The CI with the Convention on Biological Diversity (CBD) Secretariat have launched an Indigenous Leaders Conservation Fellowship and it’s a pleasure to announce that our Executive Director, Dominique Bikaba has been one of the four fellows who has won it among about 130 applicants.
These fellowship winners were announced were announced last October at the Tenth Conference of Parties (COP10) of the CBD in Nagoya (Japan) where Dominique Bikaba who represented the fellows at this United Nations event expressed profound gratitude on behalf of the other fellows and on his own name to the CI and the CBD for selecting them.
Mr. Bikaba also took this opportunity to announce the project on which he will be working through this fellowship. The project that will be evaluating the ability to merge traditional knowledge with science and new technology for conservation of protected areas in the eastern Democratic Republic of Congo will focus a comparative study on management policies of the Kahuzi-Biega National Park, the Itombwe Natural Reserve and the Bushema Community Reserve. The other targets for this project will be on land tenure and conflicts in these protected areas’ region by assessing existence of potential corridors between them.
The CI office in DRC as well as conservation officials in DRC have welcomed this project announcement and are eager to use the project results in the design of new protected areas, especially the community forests, as well as in management in conservation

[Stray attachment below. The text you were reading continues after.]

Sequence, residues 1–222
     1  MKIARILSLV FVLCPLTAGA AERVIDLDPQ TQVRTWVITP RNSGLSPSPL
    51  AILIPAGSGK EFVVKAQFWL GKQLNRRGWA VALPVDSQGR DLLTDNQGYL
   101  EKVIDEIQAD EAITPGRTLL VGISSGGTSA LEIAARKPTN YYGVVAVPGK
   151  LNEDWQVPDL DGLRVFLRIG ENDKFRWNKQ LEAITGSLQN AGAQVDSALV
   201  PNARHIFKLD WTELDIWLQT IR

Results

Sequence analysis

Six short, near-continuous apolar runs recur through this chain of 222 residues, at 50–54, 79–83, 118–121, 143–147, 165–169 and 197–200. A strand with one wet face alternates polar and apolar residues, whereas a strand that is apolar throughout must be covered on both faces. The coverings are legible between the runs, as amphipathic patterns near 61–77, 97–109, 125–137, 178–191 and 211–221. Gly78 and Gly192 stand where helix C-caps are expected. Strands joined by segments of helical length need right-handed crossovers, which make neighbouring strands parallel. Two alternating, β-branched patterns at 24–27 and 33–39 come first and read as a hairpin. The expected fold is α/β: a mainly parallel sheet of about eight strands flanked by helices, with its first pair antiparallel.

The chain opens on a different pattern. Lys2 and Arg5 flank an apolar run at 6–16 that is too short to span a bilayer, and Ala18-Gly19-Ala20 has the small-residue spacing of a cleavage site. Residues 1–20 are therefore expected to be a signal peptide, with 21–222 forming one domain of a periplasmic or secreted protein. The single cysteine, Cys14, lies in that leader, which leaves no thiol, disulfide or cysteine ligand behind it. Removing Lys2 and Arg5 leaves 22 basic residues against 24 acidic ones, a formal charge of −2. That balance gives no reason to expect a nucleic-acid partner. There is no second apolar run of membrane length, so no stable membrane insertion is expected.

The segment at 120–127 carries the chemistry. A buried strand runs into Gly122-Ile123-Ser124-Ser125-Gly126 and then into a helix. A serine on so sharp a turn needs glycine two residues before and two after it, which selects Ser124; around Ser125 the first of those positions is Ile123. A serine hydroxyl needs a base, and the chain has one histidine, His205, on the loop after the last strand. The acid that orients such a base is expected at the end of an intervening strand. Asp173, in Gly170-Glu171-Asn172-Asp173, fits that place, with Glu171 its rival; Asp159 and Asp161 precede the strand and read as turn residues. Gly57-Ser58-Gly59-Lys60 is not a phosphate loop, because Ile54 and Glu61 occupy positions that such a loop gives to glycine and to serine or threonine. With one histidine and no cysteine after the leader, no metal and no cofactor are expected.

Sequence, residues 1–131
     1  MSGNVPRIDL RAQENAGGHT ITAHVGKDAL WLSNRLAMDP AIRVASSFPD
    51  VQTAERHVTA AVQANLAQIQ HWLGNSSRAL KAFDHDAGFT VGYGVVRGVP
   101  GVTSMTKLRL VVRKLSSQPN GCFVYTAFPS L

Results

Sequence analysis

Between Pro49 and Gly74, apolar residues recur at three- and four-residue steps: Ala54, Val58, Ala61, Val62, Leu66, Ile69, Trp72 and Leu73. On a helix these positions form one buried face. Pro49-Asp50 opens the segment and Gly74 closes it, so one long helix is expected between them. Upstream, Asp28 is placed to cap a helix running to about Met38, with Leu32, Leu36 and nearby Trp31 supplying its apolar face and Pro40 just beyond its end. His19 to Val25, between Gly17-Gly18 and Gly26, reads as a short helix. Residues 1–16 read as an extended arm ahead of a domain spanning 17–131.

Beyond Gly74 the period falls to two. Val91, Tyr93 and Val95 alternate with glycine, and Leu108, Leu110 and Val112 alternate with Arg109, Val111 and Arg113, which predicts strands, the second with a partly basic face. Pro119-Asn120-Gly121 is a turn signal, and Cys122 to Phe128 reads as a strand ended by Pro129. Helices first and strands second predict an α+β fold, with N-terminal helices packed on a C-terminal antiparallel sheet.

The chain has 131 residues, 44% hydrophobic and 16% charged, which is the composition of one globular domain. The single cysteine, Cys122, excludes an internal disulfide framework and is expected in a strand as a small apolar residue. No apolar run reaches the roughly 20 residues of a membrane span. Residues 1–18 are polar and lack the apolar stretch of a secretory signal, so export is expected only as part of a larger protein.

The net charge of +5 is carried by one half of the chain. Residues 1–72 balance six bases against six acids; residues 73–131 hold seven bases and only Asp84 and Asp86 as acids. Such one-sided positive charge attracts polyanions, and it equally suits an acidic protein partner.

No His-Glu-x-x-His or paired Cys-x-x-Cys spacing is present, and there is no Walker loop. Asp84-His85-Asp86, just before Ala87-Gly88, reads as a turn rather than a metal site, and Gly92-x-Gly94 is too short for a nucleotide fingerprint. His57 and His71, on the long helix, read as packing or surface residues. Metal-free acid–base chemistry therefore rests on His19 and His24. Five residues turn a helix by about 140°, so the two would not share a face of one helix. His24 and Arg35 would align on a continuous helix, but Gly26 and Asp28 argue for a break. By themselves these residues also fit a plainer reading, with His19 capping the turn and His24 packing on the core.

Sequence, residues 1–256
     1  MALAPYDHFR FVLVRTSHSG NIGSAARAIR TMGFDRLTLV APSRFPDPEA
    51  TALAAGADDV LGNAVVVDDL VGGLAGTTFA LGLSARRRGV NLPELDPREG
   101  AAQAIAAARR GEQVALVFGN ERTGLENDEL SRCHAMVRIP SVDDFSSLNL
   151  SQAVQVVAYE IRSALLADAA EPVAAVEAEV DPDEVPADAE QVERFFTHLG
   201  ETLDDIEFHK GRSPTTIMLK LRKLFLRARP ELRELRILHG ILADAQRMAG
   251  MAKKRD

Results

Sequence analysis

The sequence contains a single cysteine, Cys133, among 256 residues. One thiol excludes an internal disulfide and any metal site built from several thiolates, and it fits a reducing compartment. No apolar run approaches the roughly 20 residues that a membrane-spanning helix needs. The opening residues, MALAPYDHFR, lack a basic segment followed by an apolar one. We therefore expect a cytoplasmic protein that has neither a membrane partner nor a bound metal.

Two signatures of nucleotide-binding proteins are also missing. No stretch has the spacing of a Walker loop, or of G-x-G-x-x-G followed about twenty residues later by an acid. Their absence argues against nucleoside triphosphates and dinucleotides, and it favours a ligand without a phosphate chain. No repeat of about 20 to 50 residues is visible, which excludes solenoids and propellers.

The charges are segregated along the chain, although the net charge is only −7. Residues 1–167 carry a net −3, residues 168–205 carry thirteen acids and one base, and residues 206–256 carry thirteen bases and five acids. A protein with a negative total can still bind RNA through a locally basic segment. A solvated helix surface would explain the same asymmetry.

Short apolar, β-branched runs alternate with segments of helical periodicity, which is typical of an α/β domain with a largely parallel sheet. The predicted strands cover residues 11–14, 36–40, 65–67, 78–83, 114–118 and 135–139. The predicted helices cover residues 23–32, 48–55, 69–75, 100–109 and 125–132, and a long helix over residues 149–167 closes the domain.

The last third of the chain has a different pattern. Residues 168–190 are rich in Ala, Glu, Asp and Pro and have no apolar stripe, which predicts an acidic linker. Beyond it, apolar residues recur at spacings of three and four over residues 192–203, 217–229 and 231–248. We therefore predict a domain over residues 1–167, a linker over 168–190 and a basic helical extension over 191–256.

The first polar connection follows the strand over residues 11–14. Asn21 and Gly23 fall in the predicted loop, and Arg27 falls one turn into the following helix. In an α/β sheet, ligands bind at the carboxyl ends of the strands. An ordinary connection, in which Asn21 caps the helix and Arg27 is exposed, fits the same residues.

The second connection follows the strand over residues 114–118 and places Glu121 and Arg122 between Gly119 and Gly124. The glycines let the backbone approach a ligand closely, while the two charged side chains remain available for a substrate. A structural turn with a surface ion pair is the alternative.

It is a yearlong fellowship and the other fellows are respectively from Fiji, Guatemala and the Philippines.
For more information, please visit: http://www.conservation.org/discover/centers_programs/itpp/pages/indigenous_fellowship.aspx
Strong Roots is mentioned in New York Times blog “How To Change The World” by Nicholas D. Kristof:
I have an essay in the New York Times Sunday Magazine about do-it-yourself foreign aid, but I know that it won’t fully answer the question that many readers will have: What can I do? Originally we had a sidebar addressing that question to go with the article, but it had to be cut for space reasons – and so I’ve found a home for it here on my blog.
So for those who want to do more, here are my suggestions….
Or you can volunteer at a soup kitchen or mentor a child, or find other ways to help. A stay-at-home mom in Colorado, Jenny Murphy, heard about Lisa Shannon (whose work with Run for Congo Women I describe in the magazine article) but isn’t a runner and wasn’t in a position to go off to Congo. But she browsed the Internet and through Facebook connected with a remarkable man in Congo running schools there. Now she is passionately engaged in an organization, Strong Roots, that supports those schools and works on conservation issues around Kahuzi-Biega National Park in Eastern Congo. That’s a reflection of what technology makes possible: a Mom in Colorado giving people hope in eastern Congo.
Please check out the entire article and more wonderful organizations here: http://kristof.blogs.nytimes.com/2010/10/20/how-to-change-the-world/